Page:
• Turning now to the details of the dual-thrust systems 34, the MMV 20 a-20 d may include one or more dual-thrust systems 34, wherein each is comprised of a rotatable fan 102 that is moveable between a first configuration, shown in FIG. 7 with airflow indicated in the direction of arrows 103, positioned for VTOL and a second configuration, shown in FIG. 8 with airflow indicated in the direction of arrow 105, that is positioned for lateral propulsion, such as in the aircraft configuration 20 d, the watercraft configuration 20 b, or to facilitate surface travel in the roadable configuration 20 a.
  • Each of the rotatable fans 102 includes a variable pitch rotor 162 and variable geometry ducts 164 (FIG. 9), which are operable in VTOL speeds of about 10 ft/s, in-flight cruise speeds of up to 220 ft/s, and speeds therebetween. Each rotatable fan 102 may be powered by an engine 166 (FIG. 9), for example, by a 125 HP heavy fuel engine that is coupled to a 50 HP electric generator. The generators may also provide an electrical drive train in the case of one engine failure, e.g., the generator of the failed engine 166 may be operable as an electric motor to provide partial power to the partially disabled fan, thereby reducing imbalance in yaw moment. The generators may also provide power to the drive motors 48 (FIG. 9) of the wheels 44 (FIG. 2) and may serve as starters for the liquid fuel engine.
  • Rotation of the rotatable fans 102 about a support 168 may be actuated by the thrust generated by each fan 102 itself and with the rate of rotation controlled by a frictional braking mechanism (not shown). Alternatively, rotation may be accomplished by a separate rotational or servo motor 170 (FIG. 9).
  • Each of the rotatable fans 102 includes two degrees of freedom thrust vectoring, which provides (1) yaw control in zero forward velocity VTOL and hover flight and (2) roll, pitch, and yaw control during cruise flight. Roll and pitch control authority in zero forward velocity VTOL and hover operation is provided by the thrust differentials of both the vertical thrust systems 32 a, 32 b and the dual-use thrust system 34. In total, the MMV 20 a-20 d has six degrees of freedom position and attitude control authority in its VTOL configuration 20 c. The thrust differentials and vectoring control effectors are essential in upset recovery and extreme evasive maneuvers. For example, during an upset or extreme maneuvering, the control surfaces may stall and lose control effectiveness. In those instances, the thrust vectoring may be able to maintain or otherwise regain control of the MMV 20 a-20 d.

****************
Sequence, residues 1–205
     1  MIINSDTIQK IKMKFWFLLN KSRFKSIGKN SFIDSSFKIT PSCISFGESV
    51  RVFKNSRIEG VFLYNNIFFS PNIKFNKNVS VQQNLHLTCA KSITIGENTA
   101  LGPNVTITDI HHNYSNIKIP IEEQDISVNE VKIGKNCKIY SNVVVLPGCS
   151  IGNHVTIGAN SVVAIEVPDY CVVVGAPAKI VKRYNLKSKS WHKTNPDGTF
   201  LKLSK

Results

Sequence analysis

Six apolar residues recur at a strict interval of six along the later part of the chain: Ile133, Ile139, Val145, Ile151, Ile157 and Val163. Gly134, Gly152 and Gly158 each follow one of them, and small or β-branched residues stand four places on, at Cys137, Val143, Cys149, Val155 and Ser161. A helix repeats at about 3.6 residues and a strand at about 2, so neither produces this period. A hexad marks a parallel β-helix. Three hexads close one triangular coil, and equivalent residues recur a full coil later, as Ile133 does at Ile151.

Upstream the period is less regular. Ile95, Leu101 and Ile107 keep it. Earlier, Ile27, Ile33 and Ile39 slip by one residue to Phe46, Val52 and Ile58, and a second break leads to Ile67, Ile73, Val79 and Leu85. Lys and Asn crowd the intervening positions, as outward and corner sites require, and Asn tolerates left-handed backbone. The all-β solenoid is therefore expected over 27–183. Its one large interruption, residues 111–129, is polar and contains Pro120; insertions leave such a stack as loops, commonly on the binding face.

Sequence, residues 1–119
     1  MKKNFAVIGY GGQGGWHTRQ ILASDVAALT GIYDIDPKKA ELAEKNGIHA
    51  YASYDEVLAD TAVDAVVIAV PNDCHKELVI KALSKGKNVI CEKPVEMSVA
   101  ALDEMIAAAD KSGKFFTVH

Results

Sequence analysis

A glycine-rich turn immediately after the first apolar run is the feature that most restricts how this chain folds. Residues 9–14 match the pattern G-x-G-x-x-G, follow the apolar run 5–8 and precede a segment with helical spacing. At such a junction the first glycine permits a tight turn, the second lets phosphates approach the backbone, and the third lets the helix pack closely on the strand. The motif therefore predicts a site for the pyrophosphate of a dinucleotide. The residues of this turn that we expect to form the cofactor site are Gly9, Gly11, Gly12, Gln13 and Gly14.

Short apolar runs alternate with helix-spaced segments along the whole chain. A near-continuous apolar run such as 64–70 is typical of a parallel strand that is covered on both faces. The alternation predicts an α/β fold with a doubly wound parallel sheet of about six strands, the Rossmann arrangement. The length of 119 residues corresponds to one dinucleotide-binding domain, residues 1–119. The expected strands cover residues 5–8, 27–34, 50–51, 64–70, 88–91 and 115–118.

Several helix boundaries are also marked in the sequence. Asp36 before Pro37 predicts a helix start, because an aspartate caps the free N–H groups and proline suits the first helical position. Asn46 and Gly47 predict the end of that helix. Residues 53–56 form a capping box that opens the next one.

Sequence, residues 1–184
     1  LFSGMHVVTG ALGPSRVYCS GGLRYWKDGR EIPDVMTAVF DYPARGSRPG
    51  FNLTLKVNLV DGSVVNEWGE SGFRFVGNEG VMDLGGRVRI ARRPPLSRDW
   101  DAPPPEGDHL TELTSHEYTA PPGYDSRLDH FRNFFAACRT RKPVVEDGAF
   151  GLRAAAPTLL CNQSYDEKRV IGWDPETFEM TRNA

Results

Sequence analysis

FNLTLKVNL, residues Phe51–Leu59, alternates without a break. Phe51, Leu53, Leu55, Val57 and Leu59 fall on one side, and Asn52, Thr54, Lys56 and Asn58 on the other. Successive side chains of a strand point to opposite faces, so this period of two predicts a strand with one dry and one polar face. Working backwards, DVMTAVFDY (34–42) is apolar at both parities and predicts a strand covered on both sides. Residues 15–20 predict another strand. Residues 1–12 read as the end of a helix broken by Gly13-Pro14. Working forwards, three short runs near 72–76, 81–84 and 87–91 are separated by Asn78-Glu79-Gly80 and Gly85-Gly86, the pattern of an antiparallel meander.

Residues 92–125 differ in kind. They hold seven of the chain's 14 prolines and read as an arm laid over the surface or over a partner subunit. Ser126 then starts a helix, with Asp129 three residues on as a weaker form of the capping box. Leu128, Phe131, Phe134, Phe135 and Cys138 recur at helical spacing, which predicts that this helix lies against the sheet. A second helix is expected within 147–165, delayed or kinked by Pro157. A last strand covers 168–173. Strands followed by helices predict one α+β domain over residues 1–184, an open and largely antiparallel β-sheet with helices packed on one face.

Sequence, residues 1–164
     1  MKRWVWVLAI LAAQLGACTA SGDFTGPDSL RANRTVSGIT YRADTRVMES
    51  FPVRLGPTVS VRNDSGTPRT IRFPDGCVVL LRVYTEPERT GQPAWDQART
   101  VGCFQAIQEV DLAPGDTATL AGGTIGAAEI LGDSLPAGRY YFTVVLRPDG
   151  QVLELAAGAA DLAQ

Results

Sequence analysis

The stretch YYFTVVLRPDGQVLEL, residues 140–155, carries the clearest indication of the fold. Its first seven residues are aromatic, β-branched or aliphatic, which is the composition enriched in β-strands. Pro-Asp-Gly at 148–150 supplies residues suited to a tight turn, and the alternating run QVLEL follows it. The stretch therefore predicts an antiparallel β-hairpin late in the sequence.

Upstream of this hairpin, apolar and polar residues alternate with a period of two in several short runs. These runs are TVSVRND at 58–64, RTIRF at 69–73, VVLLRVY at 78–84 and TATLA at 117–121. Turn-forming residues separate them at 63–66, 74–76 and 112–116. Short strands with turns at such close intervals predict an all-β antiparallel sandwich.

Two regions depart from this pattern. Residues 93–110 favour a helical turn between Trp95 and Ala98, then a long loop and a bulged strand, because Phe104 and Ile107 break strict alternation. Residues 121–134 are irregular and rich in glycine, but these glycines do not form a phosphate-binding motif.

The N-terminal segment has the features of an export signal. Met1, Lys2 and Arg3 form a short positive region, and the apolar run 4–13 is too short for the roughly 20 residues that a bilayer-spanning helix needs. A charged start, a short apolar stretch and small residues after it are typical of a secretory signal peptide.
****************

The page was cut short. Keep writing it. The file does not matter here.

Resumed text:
• Proper placement of the rotatable fans 102 may facilitate the formation of LEVs by the air inlets by inducing favorable downstream suction effects. Moreover, rotation of the rotor 162 in a direction that opposes the direction of the LEVs may reduce the effective angle of attack of the fan blade and further improve the efficiencies of the fans 102.
  • In total, the illustrated MMV 20 a-20 d includes six ducted fans 100, 102 that may provide at least a minimal disk loading of 58 lbs/ft2. This level of disk loading allows the MMV 20 a-20 d to VTOL on almost any surface without significant erosion to the ground. Fast and safe in-flight transition between the power-borne VTOL and air-borne aircraft configurations 20 c, 20 d may be achieved because only approximately 40% of the MMV's weight is supported by the dual-use thrust system 34. Accordingly, nearly 60% of the total lift is supported by the vertical thrust systems 32 a, 32 b, which facilitates the fast rotation of the rotatable fans 102 of the dual-use thrust system 34 during transition flight with large operating margins. Comparing to the 100% weight supported by a main thrust system for most, if not all, of known conventional vector thrust VTOL aircraft or similar multi-modal concepts where full forward thrust is reached at stall velocity, the MMV 20 a-20 d in accordance with various embodiments of this invention may reach full forward thrust at about 60% of the stall velocity, which significantly shortens the time and risk of transition flight. Together, with using batteries for the VTOL fans 100, this configuration significantly reduces the installed power of the liquid fuel engines from the conventional 1200 HP to 1800 HP for this size vehicle to ranging from about 250 HP to about 300 HP.